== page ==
OP0556. JOCASTE (Charles Chaynes), Live Performance, 1993, w. Frédéric Chaslin Cond. Rouen Ensemble; Hélène Jossoud, Monique Krüs, Jean-Marie Frémeau, Benoit Bouter, etc. (France) 2-MFA Musique Chamade CHCD 5633/34, w.Elaborate Libretto-Brochure in French & English. Very long out-of-print, Final Copy! - 3487542656334
“Charles Chaynes was a student of Darius Milhaud and Jean Rivier at the Paris Conservatoire prior to winning the Premiere Grand Prix de Rome in 1951. A resident of Rome from 1952 until 1955, Chaynes composed his First Concerto for String Orchestra and the critically-acclaimed ‘Ode for a Tragic Death’ during this period.
His list of compositions is considerable: several concerti: for trumpet, for violin, for piano, for organ, as well as two for orchestra; a symphony, music for wind quintet, violin and piano sonatas. His ‘Quest for Sacredness’ for solo organ (1985) is available on a Gallo CD, and two vocal works including his ‘Lights from Japanese Poetry’ are on a CD from REM.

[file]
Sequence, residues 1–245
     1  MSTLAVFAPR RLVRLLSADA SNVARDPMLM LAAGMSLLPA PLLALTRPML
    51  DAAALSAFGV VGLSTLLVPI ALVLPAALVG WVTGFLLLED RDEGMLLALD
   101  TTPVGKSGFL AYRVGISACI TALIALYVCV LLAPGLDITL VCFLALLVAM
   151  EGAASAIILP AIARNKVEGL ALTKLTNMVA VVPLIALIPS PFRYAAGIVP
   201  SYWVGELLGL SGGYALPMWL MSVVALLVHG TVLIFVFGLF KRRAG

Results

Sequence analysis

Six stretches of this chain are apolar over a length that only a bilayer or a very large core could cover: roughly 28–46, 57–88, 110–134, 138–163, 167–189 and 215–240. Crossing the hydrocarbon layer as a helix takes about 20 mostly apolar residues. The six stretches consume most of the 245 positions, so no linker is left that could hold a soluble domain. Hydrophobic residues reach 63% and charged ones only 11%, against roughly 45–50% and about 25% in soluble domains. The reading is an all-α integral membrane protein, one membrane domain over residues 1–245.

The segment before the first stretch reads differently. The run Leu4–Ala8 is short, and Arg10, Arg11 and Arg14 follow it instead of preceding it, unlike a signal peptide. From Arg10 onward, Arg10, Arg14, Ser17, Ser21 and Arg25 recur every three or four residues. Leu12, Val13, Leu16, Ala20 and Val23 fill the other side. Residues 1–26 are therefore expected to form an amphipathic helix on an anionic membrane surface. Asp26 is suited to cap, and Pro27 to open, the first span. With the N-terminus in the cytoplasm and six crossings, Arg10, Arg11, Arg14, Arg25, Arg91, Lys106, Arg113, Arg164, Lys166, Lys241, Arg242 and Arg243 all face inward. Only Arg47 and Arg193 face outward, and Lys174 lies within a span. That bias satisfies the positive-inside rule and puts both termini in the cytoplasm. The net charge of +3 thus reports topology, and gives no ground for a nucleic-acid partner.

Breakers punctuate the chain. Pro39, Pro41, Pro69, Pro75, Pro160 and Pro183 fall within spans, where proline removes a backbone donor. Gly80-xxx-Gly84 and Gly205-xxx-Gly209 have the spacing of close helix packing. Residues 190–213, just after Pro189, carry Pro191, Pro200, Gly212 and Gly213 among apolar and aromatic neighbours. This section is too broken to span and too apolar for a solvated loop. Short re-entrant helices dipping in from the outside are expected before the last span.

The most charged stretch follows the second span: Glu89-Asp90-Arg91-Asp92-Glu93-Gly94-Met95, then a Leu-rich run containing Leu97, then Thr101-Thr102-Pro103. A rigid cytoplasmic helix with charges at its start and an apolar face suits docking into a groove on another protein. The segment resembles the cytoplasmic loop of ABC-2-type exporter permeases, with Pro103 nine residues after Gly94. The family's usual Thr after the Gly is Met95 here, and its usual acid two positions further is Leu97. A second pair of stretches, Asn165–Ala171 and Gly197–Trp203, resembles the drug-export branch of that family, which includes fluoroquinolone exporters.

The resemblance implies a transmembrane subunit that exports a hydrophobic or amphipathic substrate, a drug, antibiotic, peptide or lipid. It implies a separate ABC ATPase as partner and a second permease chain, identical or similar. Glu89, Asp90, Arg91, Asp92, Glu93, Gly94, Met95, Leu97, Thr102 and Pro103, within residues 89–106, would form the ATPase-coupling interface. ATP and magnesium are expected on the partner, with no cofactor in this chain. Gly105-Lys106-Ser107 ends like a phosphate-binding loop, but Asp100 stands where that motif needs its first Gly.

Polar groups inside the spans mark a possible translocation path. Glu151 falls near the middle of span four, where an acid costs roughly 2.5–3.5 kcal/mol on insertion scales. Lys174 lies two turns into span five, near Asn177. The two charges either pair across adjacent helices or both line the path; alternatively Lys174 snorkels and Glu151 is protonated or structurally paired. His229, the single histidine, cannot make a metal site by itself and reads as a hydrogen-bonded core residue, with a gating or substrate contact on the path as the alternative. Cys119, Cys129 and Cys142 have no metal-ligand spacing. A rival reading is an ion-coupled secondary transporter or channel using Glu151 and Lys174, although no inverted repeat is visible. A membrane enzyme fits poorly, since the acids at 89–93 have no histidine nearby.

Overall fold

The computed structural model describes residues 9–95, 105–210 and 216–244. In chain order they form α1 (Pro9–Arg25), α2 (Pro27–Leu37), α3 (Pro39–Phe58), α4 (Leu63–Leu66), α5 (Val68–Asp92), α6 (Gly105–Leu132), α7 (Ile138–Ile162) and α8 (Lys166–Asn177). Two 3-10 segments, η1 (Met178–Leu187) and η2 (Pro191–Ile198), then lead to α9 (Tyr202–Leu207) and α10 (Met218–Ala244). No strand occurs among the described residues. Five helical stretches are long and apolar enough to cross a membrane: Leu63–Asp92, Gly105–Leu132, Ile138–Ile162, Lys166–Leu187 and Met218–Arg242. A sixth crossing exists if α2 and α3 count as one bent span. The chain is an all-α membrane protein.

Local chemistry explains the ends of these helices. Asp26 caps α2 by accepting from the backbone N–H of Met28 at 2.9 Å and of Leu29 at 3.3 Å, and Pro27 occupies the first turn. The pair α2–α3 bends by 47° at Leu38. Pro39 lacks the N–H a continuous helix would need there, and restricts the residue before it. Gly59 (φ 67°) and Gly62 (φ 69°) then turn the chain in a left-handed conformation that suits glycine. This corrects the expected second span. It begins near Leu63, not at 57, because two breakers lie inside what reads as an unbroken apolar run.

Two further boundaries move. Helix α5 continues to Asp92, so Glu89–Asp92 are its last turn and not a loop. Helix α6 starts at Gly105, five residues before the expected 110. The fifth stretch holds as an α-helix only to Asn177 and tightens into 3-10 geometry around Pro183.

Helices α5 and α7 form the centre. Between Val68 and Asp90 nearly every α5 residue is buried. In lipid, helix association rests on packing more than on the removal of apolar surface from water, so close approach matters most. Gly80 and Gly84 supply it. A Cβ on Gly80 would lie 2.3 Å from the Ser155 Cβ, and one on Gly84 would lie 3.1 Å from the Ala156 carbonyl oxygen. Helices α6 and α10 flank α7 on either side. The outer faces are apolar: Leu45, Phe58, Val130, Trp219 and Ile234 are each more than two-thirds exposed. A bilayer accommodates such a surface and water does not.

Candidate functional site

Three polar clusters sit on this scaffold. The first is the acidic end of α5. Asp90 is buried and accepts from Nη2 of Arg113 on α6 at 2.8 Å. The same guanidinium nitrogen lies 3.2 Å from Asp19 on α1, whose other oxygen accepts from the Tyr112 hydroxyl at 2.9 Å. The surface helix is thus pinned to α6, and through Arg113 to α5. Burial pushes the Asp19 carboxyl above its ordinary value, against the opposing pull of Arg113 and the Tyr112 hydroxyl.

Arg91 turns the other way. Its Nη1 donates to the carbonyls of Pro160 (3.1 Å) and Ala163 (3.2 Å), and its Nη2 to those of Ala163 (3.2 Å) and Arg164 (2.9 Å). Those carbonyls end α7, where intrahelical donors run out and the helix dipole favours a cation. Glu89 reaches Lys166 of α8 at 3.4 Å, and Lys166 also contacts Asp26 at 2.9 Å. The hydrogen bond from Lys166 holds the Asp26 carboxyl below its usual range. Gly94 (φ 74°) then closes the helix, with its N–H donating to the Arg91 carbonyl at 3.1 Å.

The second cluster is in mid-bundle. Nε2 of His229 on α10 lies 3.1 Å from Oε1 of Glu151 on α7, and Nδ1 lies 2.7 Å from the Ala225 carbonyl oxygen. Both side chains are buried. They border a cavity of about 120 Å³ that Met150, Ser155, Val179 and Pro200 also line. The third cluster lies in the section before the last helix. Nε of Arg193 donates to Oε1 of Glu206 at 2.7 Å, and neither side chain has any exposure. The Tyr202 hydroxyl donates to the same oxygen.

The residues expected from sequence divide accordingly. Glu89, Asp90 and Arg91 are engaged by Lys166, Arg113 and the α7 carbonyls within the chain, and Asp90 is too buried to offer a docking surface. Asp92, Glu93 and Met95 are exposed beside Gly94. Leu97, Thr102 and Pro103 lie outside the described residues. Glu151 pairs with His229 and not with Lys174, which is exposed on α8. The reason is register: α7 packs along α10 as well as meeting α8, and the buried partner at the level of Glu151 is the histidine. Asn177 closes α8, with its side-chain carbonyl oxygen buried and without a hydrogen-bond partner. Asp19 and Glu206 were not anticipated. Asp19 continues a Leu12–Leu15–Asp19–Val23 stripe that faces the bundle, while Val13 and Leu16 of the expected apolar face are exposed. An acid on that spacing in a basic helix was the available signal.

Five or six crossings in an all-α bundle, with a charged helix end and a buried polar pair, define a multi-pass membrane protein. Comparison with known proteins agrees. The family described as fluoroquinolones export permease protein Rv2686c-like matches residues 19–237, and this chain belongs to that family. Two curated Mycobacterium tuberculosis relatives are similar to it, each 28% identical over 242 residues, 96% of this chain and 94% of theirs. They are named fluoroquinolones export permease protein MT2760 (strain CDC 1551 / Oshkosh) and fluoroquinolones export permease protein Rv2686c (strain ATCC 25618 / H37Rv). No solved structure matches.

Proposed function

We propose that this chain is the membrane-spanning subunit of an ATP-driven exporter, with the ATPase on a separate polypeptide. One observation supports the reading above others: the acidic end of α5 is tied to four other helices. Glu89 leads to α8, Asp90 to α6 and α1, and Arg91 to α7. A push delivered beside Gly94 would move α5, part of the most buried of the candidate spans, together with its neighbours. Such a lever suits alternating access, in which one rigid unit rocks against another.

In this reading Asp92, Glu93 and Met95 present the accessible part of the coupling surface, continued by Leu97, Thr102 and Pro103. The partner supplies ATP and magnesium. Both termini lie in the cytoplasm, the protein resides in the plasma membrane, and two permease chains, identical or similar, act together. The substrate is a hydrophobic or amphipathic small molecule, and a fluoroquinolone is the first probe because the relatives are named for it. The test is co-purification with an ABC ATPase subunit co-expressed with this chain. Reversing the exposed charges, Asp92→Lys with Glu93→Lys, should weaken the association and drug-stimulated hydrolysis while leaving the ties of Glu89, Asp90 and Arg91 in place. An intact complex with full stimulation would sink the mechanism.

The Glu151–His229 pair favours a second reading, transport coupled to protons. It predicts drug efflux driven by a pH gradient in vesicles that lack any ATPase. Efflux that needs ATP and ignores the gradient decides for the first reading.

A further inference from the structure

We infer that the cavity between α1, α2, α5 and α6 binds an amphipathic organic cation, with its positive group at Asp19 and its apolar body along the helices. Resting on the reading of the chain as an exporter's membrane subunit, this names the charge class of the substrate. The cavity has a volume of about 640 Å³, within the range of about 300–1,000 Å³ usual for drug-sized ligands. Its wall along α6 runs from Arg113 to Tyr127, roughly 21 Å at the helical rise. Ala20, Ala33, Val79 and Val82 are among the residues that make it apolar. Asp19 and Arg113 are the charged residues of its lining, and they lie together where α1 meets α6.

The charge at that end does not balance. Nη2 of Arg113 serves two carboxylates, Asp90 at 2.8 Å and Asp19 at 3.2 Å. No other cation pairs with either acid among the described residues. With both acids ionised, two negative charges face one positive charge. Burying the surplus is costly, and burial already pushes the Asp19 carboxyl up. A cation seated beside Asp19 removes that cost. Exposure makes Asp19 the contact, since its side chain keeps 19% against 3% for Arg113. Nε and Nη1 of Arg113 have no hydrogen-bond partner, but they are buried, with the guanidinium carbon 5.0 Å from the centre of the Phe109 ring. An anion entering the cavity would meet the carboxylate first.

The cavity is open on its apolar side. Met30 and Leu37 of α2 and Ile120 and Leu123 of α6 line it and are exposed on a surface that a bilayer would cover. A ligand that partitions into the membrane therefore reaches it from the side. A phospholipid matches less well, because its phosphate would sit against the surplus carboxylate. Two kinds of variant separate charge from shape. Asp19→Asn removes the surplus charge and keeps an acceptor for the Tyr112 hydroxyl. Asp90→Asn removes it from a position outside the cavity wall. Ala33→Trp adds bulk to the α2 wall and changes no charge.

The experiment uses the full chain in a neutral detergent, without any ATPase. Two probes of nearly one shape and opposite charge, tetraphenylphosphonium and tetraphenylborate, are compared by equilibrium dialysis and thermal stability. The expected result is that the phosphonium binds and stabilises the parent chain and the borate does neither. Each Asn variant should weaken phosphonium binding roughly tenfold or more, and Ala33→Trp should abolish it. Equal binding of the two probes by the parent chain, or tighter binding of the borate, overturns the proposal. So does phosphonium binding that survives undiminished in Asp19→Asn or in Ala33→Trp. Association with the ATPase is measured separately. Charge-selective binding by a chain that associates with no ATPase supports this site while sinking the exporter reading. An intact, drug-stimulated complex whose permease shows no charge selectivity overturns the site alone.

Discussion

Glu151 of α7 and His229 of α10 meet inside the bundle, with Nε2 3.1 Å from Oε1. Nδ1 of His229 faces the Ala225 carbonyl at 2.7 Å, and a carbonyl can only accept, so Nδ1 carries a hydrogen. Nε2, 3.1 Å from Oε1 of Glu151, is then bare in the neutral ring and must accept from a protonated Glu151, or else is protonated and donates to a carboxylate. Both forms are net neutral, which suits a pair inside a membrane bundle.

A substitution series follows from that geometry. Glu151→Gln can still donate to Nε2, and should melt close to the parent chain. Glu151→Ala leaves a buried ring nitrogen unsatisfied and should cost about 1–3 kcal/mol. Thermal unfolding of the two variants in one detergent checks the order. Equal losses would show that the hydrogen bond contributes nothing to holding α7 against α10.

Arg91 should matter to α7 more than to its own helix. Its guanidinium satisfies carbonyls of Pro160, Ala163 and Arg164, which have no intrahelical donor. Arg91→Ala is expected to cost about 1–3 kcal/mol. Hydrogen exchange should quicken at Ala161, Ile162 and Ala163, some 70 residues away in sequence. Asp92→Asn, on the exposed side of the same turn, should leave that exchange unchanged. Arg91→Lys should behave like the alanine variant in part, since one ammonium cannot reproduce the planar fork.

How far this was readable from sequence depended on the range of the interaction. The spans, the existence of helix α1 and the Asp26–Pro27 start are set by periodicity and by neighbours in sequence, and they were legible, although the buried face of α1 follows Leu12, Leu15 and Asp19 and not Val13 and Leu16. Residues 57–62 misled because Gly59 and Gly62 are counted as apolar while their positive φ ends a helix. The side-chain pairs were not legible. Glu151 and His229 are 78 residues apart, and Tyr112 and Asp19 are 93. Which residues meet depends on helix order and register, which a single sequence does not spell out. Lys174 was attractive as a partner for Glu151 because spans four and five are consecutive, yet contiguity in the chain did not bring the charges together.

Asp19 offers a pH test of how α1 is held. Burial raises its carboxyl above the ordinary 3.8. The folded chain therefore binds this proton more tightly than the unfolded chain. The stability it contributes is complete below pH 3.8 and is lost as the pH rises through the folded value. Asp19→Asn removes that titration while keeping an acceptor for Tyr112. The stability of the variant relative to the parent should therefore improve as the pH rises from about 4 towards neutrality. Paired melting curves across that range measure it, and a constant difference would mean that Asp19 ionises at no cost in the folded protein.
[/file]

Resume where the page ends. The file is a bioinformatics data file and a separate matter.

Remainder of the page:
The Concerto for Organ, String Orchestra, Kettledrums and Percussion was composed in 1966 and dedicated to the great organist Marie-Claire Alain. It is an example of the composer's wholly atonal technique in service of music inspired by religio-mystical sources, in this case ‘The Spiritual Canticle of Holy John of the Cross’, a set of poems which Chaynes read during a trip through Castile. It is structured in traditional three-movement form, and makes dramatic use of the tone colorations possible with the combination of organ and orchestra; effects created by elements of the text are notable, too, such as the musical version of the beating of a heart at the end of the second movement.
The Piano Concerto also dates from 1966, and was first performed in that year by Yvonne Loriod, the famous pianist and wife of Olivier Messiaen. It makes use of a small orchestra of two flutes, trumpet, harp, kettledrums, percussion, and strings. Also wholly atonal and in three-movement form, it retains a wide range of musical freedom in each of the movements.”
- Philip Krumm, allmusic.com